EPA and environmental groups have long had their eyes on limiting emissions during periods of "startup, shutdown or malfunction" (SSM). Two recent decisions have strengthened their hands on this issue.
In the first, Luminant Generation Co. LLC v. EPA, No. 1060934 (5th Cir. July 30, 2012), the Fifth Circuit upheld EPA's partial approval of the Texas State Implementation Plan (SIP) provisions governing SSM. The court first concluded that it was reasonable for EPA to (1) approve Texas' creation of an "affirmative defense" against civil penalties for excess emissions during unplanned SSM events, and (2) disapprove that affirmative defense for planned SSM events.
In the second opinion, US Magnesium, LLC v. EPA, No. 119533 (10th Cir. Aug. 6, 2012), the Tenth Circuit reached a similar conclusion. In this case, EPA had "SIP call" to Utah asserting that Utah's socalled "unavoidable breakdown rule" was inconsistent with Clean Air Act requirements because it actually authorized excess emissions during equipment malfunctions (as opposed to the affirmative defense approach that Texas had adopted). The Court found EPA's action to be reasonable and consistent with the Clean Air Act.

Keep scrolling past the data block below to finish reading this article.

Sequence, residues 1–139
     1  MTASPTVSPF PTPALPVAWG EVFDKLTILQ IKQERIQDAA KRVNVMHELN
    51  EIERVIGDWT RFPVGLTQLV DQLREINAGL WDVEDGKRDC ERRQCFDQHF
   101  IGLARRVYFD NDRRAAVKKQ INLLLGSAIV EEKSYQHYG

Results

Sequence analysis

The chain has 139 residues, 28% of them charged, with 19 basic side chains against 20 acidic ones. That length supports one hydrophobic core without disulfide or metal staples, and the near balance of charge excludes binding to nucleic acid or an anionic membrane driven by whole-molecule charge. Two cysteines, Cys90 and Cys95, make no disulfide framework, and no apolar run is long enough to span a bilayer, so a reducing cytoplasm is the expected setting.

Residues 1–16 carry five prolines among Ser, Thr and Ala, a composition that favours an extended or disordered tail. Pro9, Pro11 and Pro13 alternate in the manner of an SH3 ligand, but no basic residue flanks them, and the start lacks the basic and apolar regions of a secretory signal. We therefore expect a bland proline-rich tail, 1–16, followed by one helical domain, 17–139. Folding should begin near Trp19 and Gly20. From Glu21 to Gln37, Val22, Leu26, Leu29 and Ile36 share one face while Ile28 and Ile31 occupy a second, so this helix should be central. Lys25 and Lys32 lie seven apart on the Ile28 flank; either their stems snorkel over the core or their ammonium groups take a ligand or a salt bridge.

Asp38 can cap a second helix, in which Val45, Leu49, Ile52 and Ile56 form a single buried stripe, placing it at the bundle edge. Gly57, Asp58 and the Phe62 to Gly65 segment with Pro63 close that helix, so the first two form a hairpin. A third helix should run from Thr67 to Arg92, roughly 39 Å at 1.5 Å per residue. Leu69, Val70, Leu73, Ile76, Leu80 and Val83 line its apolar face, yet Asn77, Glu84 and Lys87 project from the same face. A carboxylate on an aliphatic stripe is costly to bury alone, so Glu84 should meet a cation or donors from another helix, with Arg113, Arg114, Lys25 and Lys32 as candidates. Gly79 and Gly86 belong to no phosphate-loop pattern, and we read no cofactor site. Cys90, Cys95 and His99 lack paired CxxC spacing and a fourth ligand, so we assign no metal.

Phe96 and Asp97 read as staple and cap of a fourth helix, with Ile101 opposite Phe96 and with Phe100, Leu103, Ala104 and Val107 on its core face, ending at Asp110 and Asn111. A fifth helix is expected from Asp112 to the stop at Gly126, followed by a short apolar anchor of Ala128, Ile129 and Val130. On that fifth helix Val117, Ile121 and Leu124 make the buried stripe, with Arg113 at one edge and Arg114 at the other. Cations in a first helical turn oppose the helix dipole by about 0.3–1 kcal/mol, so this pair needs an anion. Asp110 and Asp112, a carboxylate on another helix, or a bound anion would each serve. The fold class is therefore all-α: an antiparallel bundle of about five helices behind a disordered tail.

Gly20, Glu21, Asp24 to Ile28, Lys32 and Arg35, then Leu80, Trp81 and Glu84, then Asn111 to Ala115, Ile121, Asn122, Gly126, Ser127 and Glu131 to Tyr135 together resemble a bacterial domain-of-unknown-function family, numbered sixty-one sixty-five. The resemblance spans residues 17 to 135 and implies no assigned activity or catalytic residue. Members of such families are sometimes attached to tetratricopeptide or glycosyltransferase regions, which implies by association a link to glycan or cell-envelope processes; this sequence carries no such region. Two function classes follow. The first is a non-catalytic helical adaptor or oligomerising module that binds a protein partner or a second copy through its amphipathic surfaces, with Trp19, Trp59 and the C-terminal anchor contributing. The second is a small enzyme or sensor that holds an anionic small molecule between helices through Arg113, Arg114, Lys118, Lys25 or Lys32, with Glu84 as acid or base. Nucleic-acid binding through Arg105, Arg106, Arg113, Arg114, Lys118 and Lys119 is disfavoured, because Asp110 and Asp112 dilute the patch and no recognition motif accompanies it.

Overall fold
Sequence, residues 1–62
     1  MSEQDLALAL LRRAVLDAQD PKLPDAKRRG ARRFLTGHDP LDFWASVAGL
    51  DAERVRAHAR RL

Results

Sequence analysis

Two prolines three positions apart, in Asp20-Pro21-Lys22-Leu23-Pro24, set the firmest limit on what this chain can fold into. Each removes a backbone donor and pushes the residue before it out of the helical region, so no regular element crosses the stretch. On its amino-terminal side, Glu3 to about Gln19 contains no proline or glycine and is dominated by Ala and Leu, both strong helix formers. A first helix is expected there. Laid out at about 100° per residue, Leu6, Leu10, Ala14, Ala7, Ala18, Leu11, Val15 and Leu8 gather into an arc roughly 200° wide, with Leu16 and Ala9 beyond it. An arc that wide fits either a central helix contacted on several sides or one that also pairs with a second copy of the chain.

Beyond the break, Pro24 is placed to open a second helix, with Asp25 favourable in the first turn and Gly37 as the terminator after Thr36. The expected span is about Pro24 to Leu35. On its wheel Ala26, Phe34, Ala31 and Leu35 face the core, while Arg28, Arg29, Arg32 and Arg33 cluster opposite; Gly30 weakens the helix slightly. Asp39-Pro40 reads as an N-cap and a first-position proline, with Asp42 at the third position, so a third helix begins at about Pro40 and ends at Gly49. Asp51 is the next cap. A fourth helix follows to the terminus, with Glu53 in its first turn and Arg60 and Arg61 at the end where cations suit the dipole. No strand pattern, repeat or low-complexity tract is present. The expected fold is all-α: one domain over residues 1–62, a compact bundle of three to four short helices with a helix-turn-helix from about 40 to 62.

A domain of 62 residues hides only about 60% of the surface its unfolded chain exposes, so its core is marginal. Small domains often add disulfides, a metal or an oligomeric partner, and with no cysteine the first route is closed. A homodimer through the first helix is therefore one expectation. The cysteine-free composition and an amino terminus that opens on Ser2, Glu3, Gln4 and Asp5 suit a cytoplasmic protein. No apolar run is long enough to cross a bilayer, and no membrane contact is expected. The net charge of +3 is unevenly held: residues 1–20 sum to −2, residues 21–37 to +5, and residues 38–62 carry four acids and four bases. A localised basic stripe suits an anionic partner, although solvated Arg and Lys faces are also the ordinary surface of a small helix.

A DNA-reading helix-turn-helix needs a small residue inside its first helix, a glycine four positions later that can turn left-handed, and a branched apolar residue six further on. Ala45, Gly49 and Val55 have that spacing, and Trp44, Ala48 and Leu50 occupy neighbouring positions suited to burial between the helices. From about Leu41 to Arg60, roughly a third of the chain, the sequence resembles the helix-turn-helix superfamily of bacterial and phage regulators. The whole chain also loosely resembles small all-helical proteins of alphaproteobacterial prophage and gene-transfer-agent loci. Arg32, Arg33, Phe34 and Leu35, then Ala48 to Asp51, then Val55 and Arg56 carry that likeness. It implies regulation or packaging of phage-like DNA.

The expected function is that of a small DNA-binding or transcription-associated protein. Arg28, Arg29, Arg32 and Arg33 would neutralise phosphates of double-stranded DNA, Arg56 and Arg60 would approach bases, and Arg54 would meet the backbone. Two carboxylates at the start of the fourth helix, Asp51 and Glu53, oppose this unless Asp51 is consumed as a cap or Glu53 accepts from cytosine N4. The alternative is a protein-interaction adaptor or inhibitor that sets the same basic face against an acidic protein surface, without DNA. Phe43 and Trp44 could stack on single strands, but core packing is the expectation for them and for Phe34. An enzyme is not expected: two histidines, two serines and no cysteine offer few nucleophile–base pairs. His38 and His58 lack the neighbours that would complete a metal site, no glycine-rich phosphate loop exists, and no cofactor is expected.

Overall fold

These decisions clarify how EPA and states will be addressing SSM emissions. First, they confirm EPA's view that excess emissions during unplanned SSM events are not permitted, but that emitters can assert as a defense against civil penalties that such emissions were unpreventable and out of their control. Second, they confirm EPA's view that excess emissions are not permitted at all, and no affirmative defense exists, for planned SSM events (e.g., when restarting a unit after a turnaround). As a result, sources will need to carefully document their excess emissions during unplanned SSM events and take steps to ensure that emissions during planned SSM events remain within permit limits. Indeed, relying on these decisions, environmental groups in Texas have already requested that EPA take action against several sources alleged to have illegal excess emissions. Stricter SSM requirements are likely to lead to increased enforcement.